When doing an exam, if I checked the right eye by covering the lefy and the left eye by covering the right, and they are both 20/20. Is it correct to put, OU 20/20 and OS 20/20? OR…can i document, OS 20/20? In other words, if they both tested 20/20, do I have to document them separately. Or can I simply put OU 20/20?
Comment by Christina — March 1, 2012
Please ignore my previous question. I got my letters mixed up. The question below makes better sense. Thanks
When doing an exam, if I checked the right eye by covering the left and the left eye by covering the right, and they are both 20/20. Is it correct to put, OD 20/20 and OS 20/20? OR…can i document, OU 20/20? In other words, if they both tested 20/20, do I have to document them separately. Or can I simply put OU 20/20?
Comment by Christina — March 1, 2012
You have to document it as OD 20/20 and OS 20/20. OU 20/? means the vision you are getting without covering either eye.
Comment by Robert — April 17, 2012
The explanation is very helpful. Just wondering, “oculus dexter”, “oculus sinister” and “oculus uterque”, are they Latin or other language origins? Thanks.
Comment by Tracy Dou — May 3, 2012
They are Latin!
Comment by Mrugesh Shah — May 14, 2012
OU OS and OD are for accurately documenting each or both eye, since the pronunciations are in Latin, we must understand that Latin is considered a dead language, so I feel pronunciation is not as important as understanding the symbolism.
Comment by Max — May 28, 2012
I just started working in Patient Services in an eye care practice and have wondered all week what OS, OD and OU actually mean–thank you for answering my burning question so clearly!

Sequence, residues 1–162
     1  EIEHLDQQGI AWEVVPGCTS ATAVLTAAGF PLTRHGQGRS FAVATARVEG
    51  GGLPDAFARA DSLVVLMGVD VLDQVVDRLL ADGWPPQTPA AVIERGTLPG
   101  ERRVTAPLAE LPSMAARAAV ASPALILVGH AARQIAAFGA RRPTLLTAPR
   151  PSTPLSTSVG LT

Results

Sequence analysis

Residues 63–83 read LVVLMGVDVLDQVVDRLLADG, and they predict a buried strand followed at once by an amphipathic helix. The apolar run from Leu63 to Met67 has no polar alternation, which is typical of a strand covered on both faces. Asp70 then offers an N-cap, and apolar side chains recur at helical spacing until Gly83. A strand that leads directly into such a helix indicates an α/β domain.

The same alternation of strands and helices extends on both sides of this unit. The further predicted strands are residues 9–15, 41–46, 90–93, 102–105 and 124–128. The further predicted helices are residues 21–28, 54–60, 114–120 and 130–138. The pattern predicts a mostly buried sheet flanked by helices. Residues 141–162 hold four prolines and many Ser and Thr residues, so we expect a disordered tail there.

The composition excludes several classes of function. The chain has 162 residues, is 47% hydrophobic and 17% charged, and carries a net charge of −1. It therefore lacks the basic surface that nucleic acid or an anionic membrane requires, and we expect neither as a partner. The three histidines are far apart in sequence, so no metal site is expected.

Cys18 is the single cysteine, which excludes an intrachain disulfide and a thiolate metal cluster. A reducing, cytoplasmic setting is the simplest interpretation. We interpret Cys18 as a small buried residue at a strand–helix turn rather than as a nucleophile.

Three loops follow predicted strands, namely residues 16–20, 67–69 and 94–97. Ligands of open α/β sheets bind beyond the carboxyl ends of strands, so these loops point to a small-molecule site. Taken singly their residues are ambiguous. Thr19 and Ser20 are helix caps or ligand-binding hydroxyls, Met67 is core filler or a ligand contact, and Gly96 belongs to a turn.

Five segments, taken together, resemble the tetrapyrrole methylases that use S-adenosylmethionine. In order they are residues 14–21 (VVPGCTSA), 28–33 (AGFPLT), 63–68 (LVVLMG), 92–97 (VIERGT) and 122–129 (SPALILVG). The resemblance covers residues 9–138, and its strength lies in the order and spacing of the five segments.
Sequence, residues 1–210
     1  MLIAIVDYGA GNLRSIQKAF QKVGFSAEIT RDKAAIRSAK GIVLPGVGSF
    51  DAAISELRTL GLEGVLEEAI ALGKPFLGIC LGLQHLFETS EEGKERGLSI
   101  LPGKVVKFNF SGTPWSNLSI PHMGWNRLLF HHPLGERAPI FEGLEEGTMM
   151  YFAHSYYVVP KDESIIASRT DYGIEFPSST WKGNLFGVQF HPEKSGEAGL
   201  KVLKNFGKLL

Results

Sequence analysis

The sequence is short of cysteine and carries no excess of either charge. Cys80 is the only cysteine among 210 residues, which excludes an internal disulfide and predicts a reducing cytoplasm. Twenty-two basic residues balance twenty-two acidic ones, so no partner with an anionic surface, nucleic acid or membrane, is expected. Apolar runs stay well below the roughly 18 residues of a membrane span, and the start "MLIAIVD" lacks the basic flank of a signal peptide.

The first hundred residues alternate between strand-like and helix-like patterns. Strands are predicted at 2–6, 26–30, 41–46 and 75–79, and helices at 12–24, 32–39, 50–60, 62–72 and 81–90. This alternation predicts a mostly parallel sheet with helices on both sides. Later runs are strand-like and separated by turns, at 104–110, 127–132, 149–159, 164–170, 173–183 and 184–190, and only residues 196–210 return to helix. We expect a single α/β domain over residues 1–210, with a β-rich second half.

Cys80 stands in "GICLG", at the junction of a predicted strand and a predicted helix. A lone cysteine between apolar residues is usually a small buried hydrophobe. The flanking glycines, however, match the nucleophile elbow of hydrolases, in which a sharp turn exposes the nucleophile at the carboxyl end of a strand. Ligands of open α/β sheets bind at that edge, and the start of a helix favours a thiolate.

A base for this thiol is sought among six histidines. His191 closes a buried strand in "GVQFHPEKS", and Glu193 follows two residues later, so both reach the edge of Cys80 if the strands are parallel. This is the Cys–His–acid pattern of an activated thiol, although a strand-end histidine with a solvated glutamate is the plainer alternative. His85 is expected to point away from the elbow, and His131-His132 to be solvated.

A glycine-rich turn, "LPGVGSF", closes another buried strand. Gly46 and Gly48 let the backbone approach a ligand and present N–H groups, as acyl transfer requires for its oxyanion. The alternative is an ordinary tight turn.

Comment by Regina — June 10, 2012
If a patient’s RX reads -.25 pl OS -.25 pl OD with a 2.50 ADD and is having double vision when reading what is the medical term for the problem there are 2 ?
Comment by Ernie — July 29, 2012
I made a mistake on my question:(it’s supposed to say when they have double vision watching TV ?there are 2 names for this problem,what are the names.
I am buying contacts and the site I am buying them from is asking Right Eye (OD) and Left Eye (OS) then theres a dropdown list under each and I am rather confused what that is about? Would someone please explain to me what the drop down lists are about that have -1 to – 10? I really dont understand what its about, and I cant purchase the contacts until those fields are filled out.
Comment by Cady — June 29, 2013
OD = Oculus Dextra
OS = Oculus Sinistra
OU = Oculus Uterque.
I am also looking for the pronunciation of OU. It’s not even on howjsay.com and I have been able to find all other medical pronunciations there.
Comment by chiffonade — July 4, 2013
i have : OD: sphere -3.50
OS: sphere -2.00
So how many degree i have at the right eyes and the left eyes?
OD. +25 sphere. -50 cylinder. 020. Axis. And. OS. + 50 sphere. -50. Cylinder. 125. Axis. And. + 200. + 200. Prism. Please make me understand. How bad my eyes are ? I would appreciate if you could explain in simple terms. Than you
Comment by Lajya. Karrol — December 3, 2013
Vanessa and Lajya … if you want to understand the components of your glasses prescription, you may want to watch this video lecture I created on optics:
How sinister of the profession to carry on the notion that we lefties are somehow inferior or less able than those of us who are Dexterous. Left and Right would be clearer, simpler. Not sure I like having an eye that is thought of by the trade as sinister!
Comment by Larry G — March 3, 2014
this is the first time to know these abbreviation many thanks for your help
Comment by ali — March 30, 2014
thanks dear firend
Comment by mohammad-iran — April 18, 2014
Thanks a lot it is very useful for me
Comment by Jaya Kumari — September 25, 2014
what is O.E
Comment by subaby — October 19, 2014
i had a medical examination and i heard the doctor said .5 OU.. what does that mean?
Comment by macky — November 15, 2014
It is read as OO-TER-KWE , Oi-KU-LUS (yes, Oi) OO-Ter-Kwe.
Comment by Neil — December 1, 2014
Macky: The doctor was describing the “cup-to-disk ratio” to describe your optic nerve. A large ratio, such as 0.6 or higher, is a potential sign of glaucoma. You can read more about cupping here.